Friday, 17 February 2017

National Health

Paul Nuttall did used to want to privatise the NHS. In his heart of hearts, he probably still does.

Yet today, he called for massively increased spending on it and on the intimately connected social care system.

In Britain, you can lead a major political party and want to abolish the monarchy.

That is probably or certainly the position of the Leaders of two of the three largest parties in the House of Commons.

But you cannot lead even a minor political party and question the State's direct ownership of hospitals staffed by its direct employees.

Those employees provide their services free of charge at the point of need, and they have been trained entirely by the State.

This entire arrangement is altogether beyond question.

Most people would tell you that that simply was Britain; that it was not very far from being the whole point of this country.

If you doubt that, then consider that the Leader of the most right-wing party in Great Britain has had to pay extravagant homage to it today in order to salvage so much as a respectable second place at a forthcoming by-election.

And consider that no party in Northern Ireland would ever dream of questioning it in the slightest.

The DUP might like to pretend that fundamentalist Protestantism was the glue of the Union, and the United Kingdom's defining difference from the Irish Republic.

But it knows perfectly well what really is. And so does everyone else.


  1. Most people would tell you that it simply was Britain, that it was not very far from being the whole point of this country.

    Wouldn't you feel sorry for anyone suffering from such a poverty of patriotism and knowledge of their country that they really think this country is represented by a bureaucratic system of administering healthcare and don't even know anything about Britain before 1945.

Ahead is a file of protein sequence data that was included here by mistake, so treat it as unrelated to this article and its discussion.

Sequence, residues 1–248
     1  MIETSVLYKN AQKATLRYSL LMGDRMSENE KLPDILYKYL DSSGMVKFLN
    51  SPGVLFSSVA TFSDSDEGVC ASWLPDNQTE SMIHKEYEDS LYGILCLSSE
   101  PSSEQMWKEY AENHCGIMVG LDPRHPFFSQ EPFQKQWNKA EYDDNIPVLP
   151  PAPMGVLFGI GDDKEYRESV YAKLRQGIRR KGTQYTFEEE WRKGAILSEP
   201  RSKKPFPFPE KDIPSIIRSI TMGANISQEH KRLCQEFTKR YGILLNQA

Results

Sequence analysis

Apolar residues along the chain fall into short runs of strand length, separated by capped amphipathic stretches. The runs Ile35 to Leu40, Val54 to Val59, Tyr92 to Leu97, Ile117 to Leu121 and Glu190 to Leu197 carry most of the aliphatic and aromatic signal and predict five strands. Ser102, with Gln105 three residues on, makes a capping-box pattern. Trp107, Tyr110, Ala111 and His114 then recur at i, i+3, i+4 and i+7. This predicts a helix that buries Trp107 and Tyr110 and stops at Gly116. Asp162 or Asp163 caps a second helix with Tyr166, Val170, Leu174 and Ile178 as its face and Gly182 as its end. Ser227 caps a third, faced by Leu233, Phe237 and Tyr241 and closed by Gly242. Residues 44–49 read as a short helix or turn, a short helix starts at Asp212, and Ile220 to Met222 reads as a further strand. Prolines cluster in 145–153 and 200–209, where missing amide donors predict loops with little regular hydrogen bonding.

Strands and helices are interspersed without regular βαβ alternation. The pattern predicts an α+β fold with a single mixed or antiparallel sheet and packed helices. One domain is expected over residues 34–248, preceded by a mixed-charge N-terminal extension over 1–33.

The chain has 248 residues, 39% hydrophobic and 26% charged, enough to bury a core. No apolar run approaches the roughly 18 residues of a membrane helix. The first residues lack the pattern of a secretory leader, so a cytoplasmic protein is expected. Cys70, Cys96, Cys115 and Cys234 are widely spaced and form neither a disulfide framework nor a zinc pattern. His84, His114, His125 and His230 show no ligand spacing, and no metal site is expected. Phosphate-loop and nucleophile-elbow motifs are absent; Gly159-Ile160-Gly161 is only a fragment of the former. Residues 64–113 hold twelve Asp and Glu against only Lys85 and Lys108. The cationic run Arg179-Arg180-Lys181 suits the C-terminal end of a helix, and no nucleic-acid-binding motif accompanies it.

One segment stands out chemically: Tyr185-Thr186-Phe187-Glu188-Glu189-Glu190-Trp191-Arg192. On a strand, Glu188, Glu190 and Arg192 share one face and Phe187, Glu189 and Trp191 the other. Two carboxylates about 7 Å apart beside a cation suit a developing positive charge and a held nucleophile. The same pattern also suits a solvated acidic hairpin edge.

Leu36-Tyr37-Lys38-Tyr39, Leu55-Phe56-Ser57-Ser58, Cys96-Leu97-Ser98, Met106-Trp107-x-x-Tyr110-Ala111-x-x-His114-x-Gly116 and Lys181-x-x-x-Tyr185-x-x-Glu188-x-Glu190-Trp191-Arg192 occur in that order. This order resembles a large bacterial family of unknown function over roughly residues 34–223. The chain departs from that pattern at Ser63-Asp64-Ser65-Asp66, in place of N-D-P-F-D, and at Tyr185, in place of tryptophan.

Those millions of men from better generations who gave their lives or this country-long before we ever had an "NHS"-would be ashamed of such people.

    There's nothing sacredly wonderful about the NHS. All developed countries give free treatment to the poor.

    Many other countries have far better infant mortality rates and disease survival rates, and far lower health inequality than we do.

    And a system that treats sickness without addressing the causes of sickness-by incentivising people to lead healthier lifestyles for example-is not a health service but a national sickness service.

    1. Try that on the voters. Except that even Paul Nuttall won't dare. Consider that Jeremy Corbyn has recanted no aspect of his past, to the extent that no one even bothers to mention it anymore. Whereas Nuttall has "changed his mind" completely and utterly on the NHS. Just let that sink in.